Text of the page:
I looked out into the morning, the snow misting across the horizon, blowing up in lines across the sky, whirling like the skirts of my mother and my grandmother at my wedding. They danced to every song, fell over each other or their dance partners at the end. But they never wavered.
Each gravestone stood, monumental in the grass. They were never buried. They both gave their wishes with whispers, handed them off to us like crumbling notes, as they lay looking death in the face. Let me fly into the wind, they both said. One after another they died, trapped in the hands of cancer like some nightmare but they just smiled and walked through those veils.
We brought them up to the top of Spruce mountain, where that old fire tower swung in the gusts that ripped across the bare mountain face. We climbed the steps, creaking beneath our weight; even my grandfather, who outlived both my grandmother and my mother. He climbed the mountain with his patient, slow gate which we all followed.
None of us said a word, either time. Grief ripped our tongues from our throats, choked us into silence; grief is devious that way. We stood facing west, where the sun set; we all knew that to let them fly where the sun set would mean they could cross into twilight, when the veil was thinnest.
Each time, we stood gripping the edge of the fire tower, looking out over the valleys, as the sun set. The only one who could let the ashes go was grandpa, who had steady hands in the face of grief and death. He was prepared, ready to go. He said so to us, once, My wife and my daughter taken before me. I think it’s about time I caught the last train home.
Each time he would wait for the wind to pick up, a steady gust that could carry them west. He would pose at the edge of the tower, eyes closed, hands steady, holding their open urns. He would feel the wind coming, breath it in a moment to taste it, assure us of its steadfast grace. The hands of God, he said. I’ve got to make sure God’s hands are there to carry them, else they won’t make it.
The morning here and now rushes back, a cool breeze headed west. I can hear laughter caught up in the swirls of snow. They both died in the summer, but they both loved the winter. I was born in the winter; my mom called me her snow baby, the only one who enjoyed the cold as much as she did. On the first snow my grandmother would drive out to our house. She’d knock loudly, and when my mother answered, she’d holler for me and we’d run outside and whirl around it. It was a tradition.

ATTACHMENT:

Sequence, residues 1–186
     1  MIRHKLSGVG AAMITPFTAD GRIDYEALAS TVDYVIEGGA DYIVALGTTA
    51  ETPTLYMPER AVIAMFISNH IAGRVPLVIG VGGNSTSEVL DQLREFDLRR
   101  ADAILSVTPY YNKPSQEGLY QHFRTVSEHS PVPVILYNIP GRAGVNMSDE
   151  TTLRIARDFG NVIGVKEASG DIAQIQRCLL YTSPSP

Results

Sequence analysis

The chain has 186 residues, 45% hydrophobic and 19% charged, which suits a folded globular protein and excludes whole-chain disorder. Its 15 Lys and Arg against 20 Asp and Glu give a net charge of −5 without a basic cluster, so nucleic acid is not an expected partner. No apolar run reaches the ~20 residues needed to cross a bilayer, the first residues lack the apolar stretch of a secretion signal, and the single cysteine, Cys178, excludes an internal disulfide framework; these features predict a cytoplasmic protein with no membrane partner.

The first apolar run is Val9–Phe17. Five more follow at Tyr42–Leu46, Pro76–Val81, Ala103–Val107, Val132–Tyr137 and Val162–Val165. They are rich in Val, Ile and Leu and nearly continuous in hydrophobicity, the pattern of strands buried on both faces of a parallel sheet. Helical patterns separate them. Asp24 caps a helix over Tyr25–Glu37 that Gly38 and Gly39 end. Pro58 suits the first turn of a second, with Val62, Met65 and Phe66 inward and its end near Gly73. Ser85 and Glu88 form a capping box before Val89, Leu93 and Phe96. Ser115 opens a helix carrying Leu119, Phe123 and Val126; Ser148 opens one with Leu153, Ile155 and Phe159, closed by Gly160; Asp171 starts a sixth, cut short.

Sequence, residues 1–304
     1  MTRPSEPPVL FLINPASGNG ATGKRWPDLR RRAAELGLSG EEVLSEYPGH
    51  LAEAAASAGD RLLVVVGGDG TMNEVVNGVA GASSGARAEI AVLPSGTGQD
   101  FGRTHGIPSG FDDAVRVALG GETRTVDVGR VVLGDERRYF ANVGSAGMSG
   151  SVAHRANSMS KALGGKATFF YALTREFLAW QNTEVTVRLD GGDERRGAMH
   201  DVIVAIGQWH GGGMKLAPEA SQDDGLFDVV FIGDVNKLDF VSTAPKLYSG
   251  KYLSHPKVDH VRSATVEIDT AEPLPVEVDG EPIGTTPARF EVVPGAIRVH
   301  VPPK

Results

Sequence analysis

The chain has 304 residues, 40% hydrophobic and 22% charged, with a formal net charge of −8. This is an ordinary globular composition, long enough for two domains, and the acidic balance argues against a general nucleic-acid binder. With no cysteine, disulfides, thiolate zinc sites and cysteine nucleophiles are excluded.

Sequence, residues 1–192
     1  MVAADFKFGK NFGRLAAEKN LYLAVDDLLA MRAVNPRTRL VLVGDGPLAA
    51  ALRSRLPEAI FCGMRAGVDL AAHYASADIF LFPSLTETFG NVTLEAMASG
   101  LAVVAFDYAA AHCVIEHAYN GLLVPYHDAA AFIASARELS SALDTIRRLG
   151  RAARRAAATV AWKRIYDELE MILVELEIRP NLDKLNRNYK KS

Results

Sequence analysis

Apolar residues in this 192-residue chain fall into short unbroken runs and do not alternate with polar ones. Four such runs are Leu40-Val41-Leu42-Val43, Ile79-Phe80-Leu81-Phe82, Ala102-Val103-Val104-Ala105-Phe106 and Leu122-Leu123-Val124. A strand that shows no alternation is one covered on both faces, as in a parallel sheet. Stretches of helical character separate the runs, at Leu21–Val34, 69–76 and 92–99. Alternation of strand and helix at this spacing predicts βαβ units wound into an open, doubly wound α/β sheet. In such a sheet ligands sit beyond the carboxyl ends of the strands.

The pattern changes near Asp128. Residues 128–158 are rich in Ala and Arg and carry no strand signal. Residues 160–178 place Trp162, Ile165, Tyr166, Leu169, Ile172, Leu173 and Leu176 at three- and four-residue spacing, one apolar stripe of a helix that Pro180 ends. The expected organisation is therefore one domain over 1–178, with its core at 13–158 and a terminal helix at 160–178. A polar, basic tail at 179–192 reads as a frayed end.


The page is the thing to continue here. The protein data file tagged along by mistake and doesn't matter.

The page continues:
I can feel the hands of God carrying their voices down out of the snow, and I realize what grandpa felt each time he released them. There is this taste of grace in the air, a mixture of wood smoke and cinnamon, apples and lilacs, cigars and french pressed coffee. They all whirled up into a nostalgic reminder of what it meant to have them there, and I can hear them, singing, laughing.
They’re still dancing, whirling around. Their spirits tear up the snow, little eddies pulling up from underneath the trees. They’re still falling all over each other, laughing. As much as they try to pull me in to dance with them too, I can’t. They’re part of the air, the snow; they’re as much a part of God’s hands as the wind. I’m too solidly founded in the world to dance with them.
I run inside, leaving the front door wide open. My daughter sits at the table, crayons in hand and looks at me with wide eyes. What’s the matter mommy? She asks.
I think we should go dance in the snow, I say to her. And she smiles, this big smile in a tiny face.
I only waited for you to ask, mommy, she says to me, pulling her little red coat off the chair.
We twirl around in the falling snow, and the wind twirls around us, and they’re both there, the laughter rising in gusts around us. My daughter giggles.
Mommy, we should do this every year, she says.
I laugh. Yes, we should.